Color blind grandson and grandpa see certain colors for the first time thanks to new glasses

Colorblind Grandpa, Grandson See New Colors For 1st Time Thanks To Glasses
Colorblind Grandpa, Grandson See New Colors For 1st Time Thanks To Glasses


YORK, Pa. - A teenager and his grandpa are seeing certain colors for the first time thanks to technology and a contest. Kohen Stover's parents heard about a nationwide contest being conducted by Clorox and EnChroma. EnChroma makes glasses that help color blind people see more colors. Kohen had to submit a video. Here is what he said:

Out of 200 submissions, Kohen won and asked if he could have a pair for his grandpa too. The companies agreed.

"I thought it'd be cool because we have the same color blindness and we can now see the same colors as each other," said Kohen Stover.

Friday evening, at the York Galleria, the family gathered in front of the Santa display. Kohen and his grandpa are not able to see bright red and the family felt the setting would be right for them to try on the glasses for the first time.

The catch, Kohen surprised his grandpa, Larry Boozer, with the glasses. He has spent 75 years unable to see certain colors.

Boozer could not hold back the happy tears as he said "wow" and took a look around. Boozer is so very thankful. He cannot wait to see certain things with them on.

"Never seen a rainbow, other than the yellow and part of the orange, no other color. Never seen a sunset," said Larry Boozer.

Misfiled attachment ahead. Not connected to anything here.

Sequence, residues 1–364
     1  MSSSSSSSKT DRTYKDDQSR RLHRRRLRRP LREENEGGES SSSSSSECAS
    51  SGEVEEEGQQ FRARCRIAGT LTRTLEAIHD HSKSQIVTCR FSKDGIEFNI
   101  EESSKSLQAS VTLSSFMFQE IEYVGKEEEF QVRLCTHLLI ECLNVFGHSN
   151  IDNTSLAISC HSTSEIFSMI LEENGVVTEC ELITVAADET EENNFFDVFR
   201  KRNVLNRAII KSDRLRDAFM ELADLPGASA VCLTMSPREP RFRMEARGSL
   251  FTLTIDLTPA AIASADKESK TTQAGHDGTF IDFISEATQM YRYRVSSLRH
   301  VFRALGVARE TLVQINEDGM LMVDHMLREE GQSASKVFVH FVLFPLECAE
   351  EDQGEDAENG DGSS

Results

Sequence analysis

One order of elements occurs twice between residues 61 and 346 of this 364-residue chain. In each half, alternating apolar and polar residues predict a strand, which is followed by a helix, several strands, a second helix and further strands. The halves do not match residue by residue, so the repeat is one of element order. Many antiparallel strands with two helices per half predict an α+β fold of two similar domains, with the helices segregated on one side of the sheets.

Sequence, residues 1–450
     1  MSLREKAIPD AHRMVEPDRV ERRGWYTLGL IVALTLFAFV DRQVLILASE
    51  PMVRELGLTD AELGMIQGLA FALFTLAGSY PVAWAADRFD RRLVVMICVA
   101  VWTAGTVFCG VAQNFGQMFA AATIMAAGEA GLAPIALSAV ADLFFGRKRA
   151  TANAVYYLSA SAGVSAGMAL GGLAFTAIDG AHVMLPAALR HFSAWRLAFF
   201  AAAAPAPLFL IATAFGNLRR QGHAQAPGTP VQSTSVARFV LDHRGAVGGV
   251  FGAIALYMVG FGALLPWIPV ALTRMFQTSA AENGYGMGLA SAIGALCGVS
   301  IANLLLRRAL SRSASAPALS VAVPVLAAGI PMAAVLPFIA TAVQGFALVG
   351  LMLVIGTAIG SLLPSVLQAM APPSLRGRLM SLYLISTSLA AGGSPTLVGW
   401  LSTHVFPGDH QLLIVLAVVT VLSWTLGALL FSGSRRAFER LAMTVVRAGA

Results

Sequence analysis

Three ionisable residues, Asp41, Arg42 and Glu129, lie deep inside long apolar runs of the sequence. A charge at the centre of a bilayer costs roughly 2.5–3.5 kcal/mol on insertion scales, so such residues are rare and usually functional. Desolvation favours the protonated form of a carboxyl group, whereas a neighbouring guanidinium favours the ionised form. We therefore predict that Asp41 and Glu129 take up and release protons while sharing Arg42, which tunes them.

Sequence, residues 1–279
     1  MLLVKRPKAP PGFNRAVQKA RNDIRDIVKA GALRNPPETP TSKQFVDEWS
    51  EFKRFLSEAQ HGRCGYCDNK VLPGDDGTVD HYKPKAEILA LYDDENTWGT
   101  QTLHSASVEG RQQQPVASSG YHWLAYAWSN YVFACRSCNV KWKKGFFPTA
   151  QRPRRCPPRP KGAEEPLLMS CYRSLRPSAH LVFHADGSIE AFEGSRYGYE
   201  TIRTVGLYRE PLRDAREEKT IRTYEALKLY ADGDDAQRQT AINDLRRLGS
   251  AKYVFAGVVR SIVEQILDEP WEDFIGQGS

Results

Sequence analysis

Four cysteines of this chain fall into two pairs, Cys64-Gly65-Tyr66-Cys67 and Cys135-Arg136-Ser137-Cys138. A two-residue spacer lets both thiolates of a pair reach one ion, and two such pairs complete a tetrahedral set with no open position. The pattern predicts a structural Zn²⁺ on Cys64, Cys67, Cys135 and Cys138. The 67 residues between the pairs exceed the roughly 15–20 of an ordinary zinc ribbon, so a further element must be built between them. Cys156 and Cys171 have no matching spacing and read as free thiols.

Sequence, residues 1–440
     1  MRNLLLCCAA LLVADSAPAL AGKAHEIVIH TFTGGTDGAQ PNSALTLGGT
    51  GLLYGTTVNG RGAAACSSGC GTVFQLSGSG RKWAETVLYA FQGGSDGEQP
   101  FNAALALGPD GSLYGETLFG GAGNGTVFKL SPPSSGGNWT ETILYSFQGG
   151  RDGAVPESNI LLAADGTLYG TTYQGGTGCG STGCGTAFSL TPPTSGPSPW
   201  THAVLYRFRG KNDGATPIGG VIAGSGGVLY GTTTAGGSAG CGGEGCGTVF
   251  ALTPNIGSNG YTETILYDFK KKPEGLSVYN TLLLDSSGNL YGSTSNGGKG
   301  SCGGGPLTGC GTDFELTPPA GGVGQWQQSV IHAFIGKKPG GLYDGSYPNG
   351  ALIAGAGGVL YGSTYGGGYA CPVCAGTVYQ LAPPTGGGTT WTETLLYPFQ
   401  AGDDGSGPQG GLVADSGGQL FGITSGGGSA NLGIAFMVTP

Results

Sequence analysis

"My son and my dad are going to really get to appreciate nature, which I love so much, and see all the colors," said Kohen's mother Kellie.

Kohen and his grandfather experience new colors with glasses for the colorblind:

Kellie jokes that as a teenager she got mad at her dad so she rearranged his socks drawer. She knew he could not tell the difference between navy, brown and black. He ended up wearing mismatched socks to meet with a client. The client laughed, but her dad was mad. Now, she cannot get away with ever doing it again.

Kohen called the experience "wicked". For the first time, he was able to see Raven purple. Bleacher Bums, a store in the Galleria, even gave him a Raven's hat and hoody.

"I never get to see them running down the field. We have season tickets right behind the end zone and I never get to see them," said Kohen.

The glasses are mostly meant for outdoors. Kohen can even play sports in them. They were developed by Dr. Don Pherson and his team. They do have a bit of a back log, but are available to people for about $400.

Valspar Color For The Colorblind:

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